A ruff time of it.

This is most obvious in the movie’s recreation of the most iconic sequence in the original, in which the two characters share spaghetti in a back alley. That scene is the scene that most people remember from Lady and the Tramp, and has soaked into popular consciousness to the point that even people who haven’t seen the movie know what it is and how it works. If Disney want to make a nostalgic tribute to Lady and the Tramp, that sequence is the cornerstone.

Lady and the Tramp refuses to play it straight, to embrace the weird sincerity of an eccentric Italian restaurant owner who decides to pull out all the stops for two stray dogs. In no universe does that scene make any logical sense, but that’s the appeal of it. It is corny and silly and romantic and illogical. However, Lady and the Tramp spends the entire sequence with the title characters talking about how weird it is, and thus stripping the sequence of an magic. Suddenly, it’s not a romantic sequence at all, but a bad joke that goes on and on and on.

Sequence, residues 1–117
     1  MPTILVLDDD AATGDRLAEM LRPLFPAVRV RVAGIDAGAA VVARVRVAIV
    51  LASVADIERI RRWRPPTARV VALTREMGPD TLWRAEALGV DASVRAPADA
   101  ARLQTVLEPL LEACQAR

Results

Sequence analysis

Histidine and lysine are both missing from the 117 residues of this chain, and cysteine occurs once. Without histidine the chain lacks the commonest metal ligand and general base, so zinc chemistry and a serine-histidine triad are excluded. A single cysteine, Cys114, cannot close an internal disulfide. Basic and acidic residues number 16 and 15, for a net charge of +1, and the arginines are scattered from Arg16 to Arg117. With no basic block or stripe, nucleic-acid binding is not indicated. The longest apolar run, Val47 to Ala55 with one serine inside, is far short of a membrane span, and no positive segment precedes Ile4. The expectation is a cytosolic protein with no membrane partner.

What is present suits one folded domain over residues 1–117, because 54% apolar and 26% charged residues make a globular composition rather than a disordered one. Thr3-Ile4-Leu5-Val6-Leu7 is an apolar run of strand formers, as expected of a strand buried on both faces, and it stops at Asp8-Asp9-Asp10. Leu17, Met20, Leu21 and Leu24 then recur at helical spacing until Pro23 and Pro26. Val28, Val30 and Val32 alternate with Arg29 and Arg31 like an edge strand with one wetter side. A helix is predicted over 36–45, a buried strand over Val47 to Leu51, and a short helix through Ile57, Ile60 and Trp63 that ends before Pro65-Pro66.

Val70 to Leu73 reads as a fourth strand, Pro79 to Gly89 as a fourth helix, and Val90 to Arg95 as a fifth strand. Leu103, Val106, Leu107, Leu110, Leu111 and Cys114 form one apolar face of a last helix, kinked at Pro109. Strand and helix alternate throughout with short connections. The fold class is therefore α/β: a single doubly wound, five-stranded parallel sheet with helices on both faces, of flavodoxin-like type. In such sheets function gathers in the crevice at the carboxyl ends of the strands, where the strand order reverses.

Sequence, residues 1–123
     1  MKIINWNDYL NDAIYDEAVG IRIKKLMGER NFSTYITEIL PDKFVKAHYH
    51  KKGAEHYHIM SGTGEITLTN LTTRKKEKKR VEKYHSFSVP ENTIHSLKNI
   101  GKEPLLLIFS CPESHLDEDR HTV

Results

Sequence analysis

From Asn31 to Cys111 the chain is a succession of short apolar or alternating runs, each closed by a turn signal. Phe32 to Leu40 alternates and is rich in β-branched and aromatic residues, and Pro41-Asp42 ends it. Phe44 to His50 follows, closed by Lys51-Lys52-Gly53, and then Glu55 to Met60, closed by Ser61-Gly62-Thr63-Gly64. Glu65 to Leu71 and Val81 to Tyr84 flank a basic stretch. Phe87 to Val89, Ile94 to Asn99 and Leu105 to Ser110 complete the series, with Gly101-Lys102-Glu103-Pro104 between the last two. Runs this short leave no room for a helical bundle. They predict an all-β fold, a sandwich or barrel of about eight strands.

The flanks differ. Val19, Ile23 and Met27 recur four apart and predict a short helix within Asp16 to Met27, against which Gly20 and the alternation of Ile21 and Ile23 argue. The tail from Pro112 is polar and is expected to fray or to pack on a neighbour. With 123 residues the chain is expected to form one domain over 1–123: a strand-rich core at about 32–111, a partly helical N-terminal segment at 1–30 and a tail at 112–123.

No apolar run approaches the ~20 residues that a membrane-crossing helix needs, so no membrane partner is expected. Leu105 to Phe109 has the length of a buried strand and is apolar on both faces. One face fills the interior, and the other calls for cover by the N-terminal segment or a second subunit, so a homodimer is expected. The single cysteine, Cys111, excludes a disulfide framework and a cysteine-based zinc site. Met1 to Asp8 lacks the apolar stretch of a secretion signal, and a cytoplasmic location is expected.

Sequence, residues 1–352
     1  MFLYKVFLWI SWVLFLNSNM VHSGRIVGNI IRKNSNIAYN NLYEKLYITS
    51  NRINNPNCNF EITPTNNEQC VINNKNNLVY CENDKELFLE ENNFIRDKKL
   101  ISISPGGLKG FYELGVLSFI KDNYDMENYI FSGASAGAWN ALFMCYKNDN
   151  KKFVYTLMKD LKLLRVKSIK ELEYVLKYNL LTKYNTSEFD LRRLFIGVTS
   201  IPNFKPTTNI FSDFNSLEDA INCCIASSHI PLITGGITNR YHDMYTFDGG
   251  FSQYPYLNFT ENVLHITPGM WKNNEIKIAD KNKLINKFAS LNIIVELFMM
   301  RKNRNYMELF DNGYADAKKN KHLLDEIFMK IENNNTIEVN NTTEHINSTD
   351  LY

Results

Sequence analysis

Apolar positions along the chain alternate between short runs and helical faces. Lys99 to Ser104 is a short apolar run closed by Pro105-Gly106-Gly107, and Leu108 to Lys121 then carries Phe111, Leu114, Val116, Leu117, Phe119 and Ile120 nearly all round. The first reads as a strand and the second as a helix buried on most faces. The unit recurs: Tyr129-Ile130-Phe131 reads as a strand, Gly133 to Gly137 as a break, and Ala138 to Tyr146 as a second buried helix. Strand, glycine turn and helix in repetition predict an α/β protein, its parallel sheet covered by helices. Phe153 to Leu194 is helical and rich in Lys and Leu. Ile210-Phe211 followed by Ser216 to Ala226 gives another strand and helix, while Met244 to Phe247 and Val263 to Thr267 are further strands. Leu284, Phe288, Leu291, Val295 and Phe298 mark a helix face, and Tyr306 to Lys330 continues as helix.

Fur-ther together.

This is a shame, because there’s a lot of talent involved. Indeed, a cynic might observe that one of the appeals of this sort of film from a studio’s perspective is the ability to rope in top-tier celebrities for a few recording sessions rather than having to justify keeping them on set for an extended period. The primary cast of Lady and the Tramp includes Justin Theroux, Tessa Thompson, Janelle Monae and Sam Elliot, which sounds like a Best Picture nominee. However, having them voice talking dogs undoubtedly kept the cost low.

(The same is true of the human cast, with a number of recognisable faces drafted in for small roles that would only have required a day-or-two of film. Clancy Brown and Ken Jeong manage to get billed in the opening credits despite each only each getting a couple of lines in a short scene. There’s something vaguely calculated in all of this, speaking to the sense in which Lady and the Tramp feels like a film designed to approximate a much more lavish production, but in a much more affordable way.)

Lady and the Tramp is, like its lead characters, ultimately rather lifeless and dull.